While Holt is the highlight of the episode—providing another Emmy-caliber performance—he is not the only highlight of the episode. Every character is driven by either the bachelor or bachelorette party, but they’re all coming at it from different perspectives. Terry’s perspective is that of both hunger and a genuine desire not to squander the one night of the year Sharon allows him to get stupid drunk. (And because Boyle lives in a magical world where Terry yelling at him the way he does doesn’t scare him, Terry only gets angrier until the guys decided to bail on the scavenger hunt.) Gina’s is that of wanting to give Amy at least one day without her barbs but finding it difficult because Amy is still Amy. (Thankfully, Amy’s best friend Kylie is there. Sorry, Kylie.) Like Boyle with Jake, Rosa’s perspective also comes from wanting Amy to have a party she can enjoy and remember forever—but she doesn’t provide fanny packs of loose granola or ever try to deprive anyone of booze. And Hitchcock and Scully’s perspectives come from apparently just now learning about Empire.

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Jake and Amy, of course, just want to have good bachelor/ette parties with their closest friends. But in Amy’s case, that becomes difficult once she finds a way to lose Never Have I Ever and ends up having to stop her one night stand/ex-boyfriend (they dated for three months) from ruining her wedding. Enter Constantine Kane (Workaholics’ Blake Anderson, who caused me to do a double take because he did not look like this), a romantic comedy leading man and rock superstar only in his mind. Upon seeing his “solo gig” live, I only had two notes:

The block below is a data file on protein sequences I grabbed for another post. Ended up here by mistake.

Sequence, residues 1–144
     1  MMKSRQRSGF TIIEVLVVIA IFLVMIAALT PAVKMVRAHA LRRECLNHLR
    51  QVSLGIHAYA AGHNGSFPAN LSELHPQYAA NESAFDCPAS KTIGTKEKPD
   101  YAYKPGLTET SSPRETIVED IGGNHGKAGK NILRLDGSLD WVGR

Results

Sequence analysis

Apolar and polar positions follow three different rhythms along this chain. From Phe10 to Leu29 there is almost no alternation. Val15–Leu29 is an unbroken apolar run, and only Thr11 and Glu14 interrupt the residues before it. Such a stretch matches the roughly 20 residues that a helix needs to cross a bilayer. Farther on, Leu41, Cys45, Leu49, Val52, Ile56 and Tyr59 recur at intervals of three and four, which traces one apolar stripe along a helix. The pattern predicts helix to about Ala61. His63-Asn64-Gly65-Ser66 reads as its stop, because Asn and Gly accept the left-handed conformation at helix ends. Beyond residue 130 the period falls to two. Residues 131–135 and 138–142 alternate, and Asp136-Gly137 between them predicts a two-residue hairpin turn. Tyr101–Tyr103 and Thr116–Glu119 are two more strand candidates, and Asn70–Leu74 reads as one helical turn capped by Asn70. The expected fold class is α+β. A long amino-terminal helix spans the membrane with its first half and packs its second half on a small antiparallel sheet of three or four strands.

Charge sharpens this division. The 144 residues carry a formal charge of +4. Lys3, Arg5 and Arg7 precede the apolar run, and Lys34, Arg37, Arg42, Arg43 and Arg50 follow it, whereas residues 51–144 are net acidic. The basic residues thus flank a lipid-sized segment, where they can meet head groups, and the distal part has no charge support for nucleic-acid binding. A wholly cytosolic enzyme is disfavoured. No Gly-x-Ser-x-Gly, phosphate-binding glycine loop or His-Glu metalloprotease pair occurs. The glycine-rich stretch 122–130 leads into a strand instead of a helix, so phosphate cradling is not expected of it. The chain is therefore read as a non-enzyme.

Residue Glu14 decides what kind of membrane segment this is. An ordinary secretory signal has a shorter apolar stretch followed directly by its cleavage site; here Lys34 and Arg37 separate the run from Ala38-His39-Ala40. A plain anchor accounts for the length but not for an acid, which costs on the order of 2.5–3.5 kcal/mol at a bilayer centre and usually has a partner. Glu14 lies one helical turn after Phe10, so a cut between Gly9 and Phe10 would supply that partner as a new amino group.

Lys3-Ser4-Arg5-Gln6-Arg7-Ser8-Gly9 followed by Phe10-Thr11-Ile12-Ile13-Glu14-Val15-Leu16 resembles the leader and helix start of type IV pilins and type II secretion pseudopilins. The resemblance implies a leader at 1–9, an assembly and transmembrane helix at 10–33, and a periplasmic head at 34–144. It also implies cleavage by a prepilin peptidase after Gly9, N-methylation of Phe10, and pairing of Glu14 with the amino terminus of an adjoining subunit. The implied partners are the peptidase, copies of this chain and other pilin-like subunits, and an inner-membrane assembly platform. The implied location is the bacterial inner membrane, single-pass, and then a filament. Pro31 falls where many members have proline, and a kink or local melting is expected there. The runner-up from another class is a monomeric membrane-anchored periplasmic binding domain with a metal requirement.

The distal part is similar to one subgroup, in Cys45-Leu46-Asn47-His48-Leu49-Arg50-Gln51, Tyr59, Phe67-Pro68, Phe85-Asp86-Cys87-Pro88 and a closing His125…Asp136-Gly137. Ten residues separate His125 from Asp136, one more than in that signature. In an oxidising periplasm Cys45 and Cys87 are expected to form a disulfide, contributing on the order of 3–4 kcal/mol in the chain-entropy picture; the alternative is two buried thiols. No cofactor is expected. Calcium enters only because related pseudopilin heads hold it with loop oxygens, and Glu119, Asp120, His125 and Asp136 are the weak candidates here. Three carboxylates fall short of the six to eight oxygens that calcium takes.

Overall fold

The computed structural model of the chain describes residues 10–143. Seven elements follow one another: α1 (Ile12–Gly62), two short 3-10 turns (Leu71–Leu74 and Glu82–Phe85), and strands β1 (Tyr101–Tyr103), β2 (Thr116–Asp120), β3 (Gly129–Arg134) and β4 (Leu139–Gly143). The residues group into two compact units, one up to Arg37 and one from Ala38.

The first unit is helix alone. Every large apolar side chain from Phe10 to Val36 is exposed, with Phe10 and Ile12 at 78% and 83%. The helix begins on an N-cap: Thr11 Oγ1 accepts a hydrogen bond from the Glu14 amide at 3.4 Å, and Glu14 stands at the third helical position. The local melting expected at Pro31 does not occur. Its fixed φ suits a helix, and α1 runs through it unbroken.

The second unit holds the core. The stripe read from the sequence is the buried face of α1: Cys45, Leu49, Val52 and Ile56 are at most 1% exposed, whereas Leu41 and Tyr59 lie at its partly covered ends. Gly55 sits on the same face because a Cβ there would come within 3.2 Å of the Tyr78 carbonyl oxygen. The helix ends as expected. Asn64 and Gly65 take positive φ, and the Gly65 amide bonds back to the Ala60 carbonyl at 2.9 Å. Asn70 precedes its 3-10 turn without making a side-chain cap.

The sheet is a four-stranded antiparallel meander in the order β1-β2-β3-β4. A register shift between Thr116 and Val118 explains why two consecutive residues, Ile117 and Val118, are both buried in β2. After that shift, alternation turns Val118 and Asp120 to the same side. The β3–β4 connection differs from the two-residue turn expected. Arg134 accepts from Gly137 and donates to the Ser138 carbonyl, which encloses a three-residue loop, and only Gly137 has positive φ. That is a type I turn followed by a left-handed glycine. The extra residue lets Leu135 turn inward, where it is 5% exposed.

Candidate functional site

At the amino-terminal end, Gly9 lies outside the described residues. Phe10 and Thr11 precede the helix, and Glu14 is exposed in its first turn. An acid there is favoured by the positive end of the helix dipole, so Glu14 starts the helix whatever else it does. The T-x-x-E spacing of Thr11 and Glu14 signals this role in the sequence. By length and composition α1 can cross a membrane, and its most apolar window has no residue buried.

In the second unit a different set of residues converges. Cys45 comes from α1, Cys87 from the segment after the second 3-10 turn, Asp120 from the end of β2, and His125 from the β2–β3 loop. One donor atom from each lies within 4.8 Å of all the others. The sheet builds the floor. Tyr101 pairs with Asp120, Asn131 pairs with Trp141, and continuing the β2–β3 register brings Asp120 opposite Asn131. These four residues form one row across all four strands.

1. Kylie should’ve known something was up when Amy told her she loved his wedding band.
  2. How terrible was Kylie’s wedding that this guy was the lead singer of her wedding band?

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Constantine’s existence basically puts the bachelorette party up against an absolute idiot (and a vindictive one, at that), and while that proves tougher than expected (since he has a momager), it does allow Amy to have one bit of excitement and danger in her personal life before getting married. In fact, after the world’s worst game of Never Have I Ever, it looks like the bachelorette plot is going to be all about Amy dealing with the fact that she hasn’t really “lived.” Instead, it focuses more on the concept of a cringe, terrible dating decision, which is more than enough proof that Amy certainly has lived. Just in her very specific Amy way.

“Surprise! Welcome to the party, pal!”